Towards a fully synthetic substitute of alginate: Optimization of a thermal gelation/chemical cross-linking scheme ("tandem" gelation) for the production of beads and liquid-core capsules

F. Cellesi, W. Weber, M. Fussenegger, J. A. Hubbell, N. Tirelli

Research output: Contribution to journalArticlepeer-review

42 Scopus citations

Abstract

Fully synthetic polymers were used for the preparation of hydrogel beads and capsules, in a processing scheme that, originally designed for calcium alginate, was adapted to a "tandem" process, that is the combination a physical gelation with a chemical cross-linking. The polymers feature a Tetronic backbone (tetra armed Pluronics), which exhibits a reverse thermal gelation in water solutions within a physiological range of temperatures and pHs. The polymers bear terminal reactive groups that allow for a mild, but effective chemical cross-linking. Given an appropriate temperature jump, the thermal gelation provides a hardening kinetics similar to that of alginate. With slower kinetics, the chemical cross-linking then develops an irreversible and elastic gel structure, and determines its transport properties. In the present article this process has been optimized for the production of monodisperse, high elastic, hydrogel microbeads, and liquid-core microcapsules. We also show the feasibility of the use of liquid-core microcapsules in cell encapsulation. In preliminary experiments, CHO cells have been successfully encapsulated preserving their viability during the process and after incubation. The advantages of this process are mainly in the use of synthetic polymers, which provide great flexibility in the molecular design. This, in principle, allows for a precise tailoring of mechanical and transport properties and of bioactivity of the hydrogels, and also for a precise control in material purification.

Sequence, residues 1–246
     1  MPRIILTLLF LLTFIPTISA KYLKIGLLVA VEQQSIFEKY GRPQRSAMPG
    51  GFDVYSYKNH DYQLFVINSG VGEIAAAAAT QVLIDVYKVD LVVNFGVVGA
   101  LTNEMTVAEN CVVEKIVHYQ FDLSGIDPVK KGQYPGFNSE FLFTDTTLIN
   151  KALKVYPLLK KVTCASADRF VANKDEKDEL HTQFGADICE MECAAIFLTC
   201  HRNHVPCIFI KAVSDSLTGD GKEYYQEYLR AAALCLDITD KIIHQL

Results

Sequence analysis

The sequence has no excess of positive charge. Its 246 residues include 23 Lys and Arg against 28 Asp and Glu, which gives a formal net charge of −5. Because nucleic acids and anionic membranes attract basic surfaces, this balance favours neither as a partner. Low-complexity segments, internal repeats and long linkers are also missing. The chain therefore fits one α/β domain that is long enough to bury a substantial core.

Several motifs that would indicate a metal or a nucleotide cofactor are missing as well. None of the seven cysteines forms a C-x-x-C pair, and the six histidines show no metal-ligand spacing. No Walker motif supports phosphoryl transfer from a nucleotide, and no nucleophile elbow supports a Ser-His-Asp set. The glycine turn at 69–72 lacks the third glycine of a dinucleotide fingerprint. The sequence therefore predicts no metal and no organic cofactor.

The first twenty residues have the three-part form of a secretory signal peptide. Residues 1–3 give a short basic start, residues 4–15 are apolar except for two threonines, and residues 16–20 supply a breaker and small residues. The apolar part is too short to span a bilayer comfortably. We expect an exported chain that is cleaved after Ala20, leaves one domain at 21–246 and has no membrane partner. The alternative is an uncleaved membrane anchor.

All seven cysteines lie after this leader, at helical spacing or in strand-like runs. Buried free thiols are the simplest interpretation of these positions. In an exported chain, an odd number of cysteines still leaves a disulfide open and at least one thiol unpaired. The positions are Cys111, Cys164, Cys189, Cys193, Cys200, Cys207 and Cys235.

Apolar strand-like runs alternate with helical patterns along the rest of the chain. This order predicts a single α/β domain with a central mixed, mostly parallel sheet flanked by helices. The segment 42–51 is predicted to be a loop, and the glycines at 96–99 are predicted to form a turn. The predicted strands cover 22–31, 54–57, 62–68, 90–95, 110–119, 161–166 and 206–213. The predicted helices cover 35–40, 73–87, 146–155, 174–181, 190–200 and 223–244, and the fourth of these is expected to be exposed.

Original languageEnglish (US)
Pages (from-to)740-749
Number of pages10
JournalBiotechnology and Bioengineering
Volume88
Issue number6
DOIs
StatePublished - Dec 20 2004

Keywords

  • Cell encapsulation
  • Michael-type addition
  • Set break-up
  • Thermal gelation

ASJC Scopus subject areas

  • Biotechnology
  • Microbiology

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